According to Hazbun, Dubai was at the center of this rebound. While many other countries in the region were poorly equipped to deal with these new Arab tourists (most of whom did not engage in typical tourist activities), Dubai was primed to meet their needs. The country had spent several decades developing its image as a "cosmopolitan oasis" (p. 212) and marketing itself as a regional and global tourist destination. Hazbun looks at how Dubai succeeded in this project, arguing that regional geopolitics have played a major role in the emirateís success. In Hazbunís view, Dubai has consistently been able to capitalize on events elsewhere in the Middle East such as the Iranian Revolution and the Gulf War. For example, during the civil war in Lebanon, Dubai was able to absorb much of the capital pouring out of Beirut, which lost its position as a "regional hub for finance and business headquarters" (p. 214). Dubaiís development has also been facilitated by the stateís almost complete control over its own territory. Unlike the Jordanian government, Dubaiís rulers have always owned the majority of the emirateís land. This has enabled the state to invest heavily in tourism development such that, by the time of the attacks, the emirate had already established itself as a global city with a growing, well-diversified tourism industry.

Beaches, Ruins, Resorts is a carefully researched, insightful, and persuasively argued text. Hazbunís fundamental contention that globalization is a "heterogenous process across time and space" (p. xvi), which leads to both deterritorialization and reterritorialization, is clearly articulated and well defended, at least for these regions. Moreover, it is an important contribution to the discourses on globalization and should encourage scholars from a range of disciplines to re-think the ways in which globalization manifests itself.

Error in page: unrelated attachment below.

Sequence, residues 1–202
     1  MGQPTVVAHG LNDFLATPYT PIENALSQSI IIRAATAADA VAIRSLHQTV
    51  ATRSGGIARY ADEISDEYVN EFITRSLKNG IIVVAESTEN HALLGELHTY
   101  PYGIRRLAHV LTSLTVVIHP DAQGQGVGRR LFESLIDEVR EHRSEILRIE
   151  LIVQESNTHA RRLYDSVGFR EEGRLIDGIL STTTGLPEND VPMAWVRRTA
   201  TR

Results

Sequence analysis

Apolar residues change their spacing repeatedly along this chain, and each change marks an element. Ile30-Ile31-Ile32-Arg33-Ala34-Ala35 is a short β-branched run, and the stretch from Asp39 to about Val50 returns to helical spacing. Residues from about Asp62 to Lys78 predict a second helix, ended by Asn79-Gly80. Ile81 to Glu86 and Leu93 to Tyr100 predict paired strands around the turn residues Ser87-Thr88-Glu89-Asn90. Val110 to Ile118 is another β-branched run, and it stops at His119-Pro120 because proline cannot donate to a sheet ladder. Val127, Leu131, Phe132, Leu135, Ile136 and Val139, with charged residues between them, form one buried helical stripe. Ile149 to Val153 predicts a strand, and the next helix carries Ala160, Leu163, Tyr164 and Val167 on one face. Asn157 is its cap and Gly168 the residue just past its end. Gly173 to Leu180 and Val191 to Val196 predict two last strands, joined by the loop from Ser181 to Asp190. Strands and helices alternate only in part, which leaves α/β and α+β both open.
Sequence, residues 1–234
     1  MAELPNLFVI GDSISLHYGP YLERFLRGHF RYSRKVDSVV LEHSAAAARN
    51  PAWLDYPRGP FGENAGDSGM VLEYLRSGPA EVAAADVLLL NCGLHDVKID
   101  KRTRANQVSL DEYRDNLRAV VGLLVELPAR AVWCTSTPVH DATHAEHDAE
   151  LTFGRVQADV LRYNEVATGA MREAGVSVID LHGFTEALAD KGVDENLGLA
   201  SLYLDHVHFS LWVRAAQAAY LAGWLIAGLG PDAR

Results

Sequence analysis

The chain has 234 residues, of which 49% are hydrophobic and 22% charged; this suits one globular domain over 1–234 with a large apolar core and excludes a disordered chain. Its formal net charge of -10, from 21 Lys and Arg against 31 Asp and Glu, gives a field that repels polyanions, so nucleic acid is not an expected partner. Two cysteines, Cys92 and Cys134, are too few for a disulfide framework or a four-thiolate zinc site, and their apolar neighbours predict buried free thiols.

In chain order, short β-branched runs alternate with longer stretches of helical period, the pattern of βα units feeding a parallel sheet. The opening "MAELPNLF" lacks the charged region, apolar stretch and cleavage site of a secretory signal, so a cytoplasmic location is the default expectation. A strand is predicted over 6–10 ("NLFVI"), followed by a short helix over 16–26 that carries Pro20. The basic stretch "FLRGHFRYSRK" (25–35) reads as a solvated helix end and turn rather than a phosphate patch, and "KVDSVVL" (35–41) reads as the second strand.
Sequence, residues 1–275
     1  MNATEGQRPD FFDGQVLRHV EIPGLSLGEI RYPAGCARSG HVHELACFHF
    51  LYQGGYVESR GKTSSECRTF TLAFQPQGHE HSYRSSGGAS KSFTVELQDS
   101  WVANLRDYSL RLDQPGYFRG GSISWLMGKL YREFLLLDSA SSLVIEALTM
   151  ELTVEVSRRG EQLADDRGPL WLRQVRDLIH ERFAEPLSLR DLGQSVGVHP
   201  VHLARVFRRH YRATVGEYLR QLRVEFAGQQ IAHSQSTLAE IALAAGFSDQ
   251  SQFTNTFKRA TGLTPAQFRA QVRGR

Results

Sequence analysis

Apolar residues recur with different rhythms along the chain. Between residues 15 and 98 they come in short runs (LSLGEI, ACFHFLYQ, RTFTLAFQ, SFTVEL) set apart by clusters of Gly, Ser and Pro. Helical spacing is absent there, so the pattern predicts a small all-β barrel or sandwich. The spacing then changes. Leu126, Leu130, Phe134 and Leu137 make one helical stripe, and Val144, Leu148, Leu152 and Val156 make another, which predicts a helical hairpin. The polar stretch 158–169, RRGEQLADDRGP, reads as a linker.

Although Hazbun locates his research in the fields of international political economy and Middle East studies (p. x), he does an excellent job of rendering the material accessible to readers from a broad range of disciplines. His introduction, if dense, provides a comprehensible overview of the economic theories that underpin his work. In addition, he provides readers with clear definitions and useful examples of key terms used throughout the text. Readers are therefore well prepared to engage with the ideas and arguments presented in each of the chapters.

One of my few criticisms concerns the final chapter and the absence of a conclusion. Hazbun ends his work with a cursory look at emerging forms of tourism, focusing on Islamic tourism (as exemplified by a new resort in Beirut that claims to fulfill a need for "pious entertainment") and tourism that promotes the connections between countries and cultures (as exemplified by the Egyptian playwright Ali Salemís drive through Israel at the height of the peace process in the 1990s). These new modes of travel are dealt with only briefly in the final pages of the text and are noticeably underdeveloped, particularly in view of how thoroughly the bookís main foci are treated. A conclusion would have enabled Hazbun to address these phenomena more carefully and in greater detail, and would have allowed him to make more deliberate comparisons between Tunisia, Jordan, and Dubai. Although, the text is not devoid of such comparisons, they occur only intermittently and Hazbun never provides a comprehensive discussion of the ways in which the statesí respective tourism industries might converge or diverge. In short, a conclusion would have given Hazbun the opportunity to elaborate on some of the research presented in the text, while simultaneously helping readers to process and digest this material and meditate on future directions for tourism development.

This suggestion should hardly diminish the overall strength and value of Hazbunís work. On the contrary, it is a thoroughly engaging and insightful look at contemporary tourism in the Middle East and, as such, a welcome addition to the emerging subfield of Middle East tourism studies.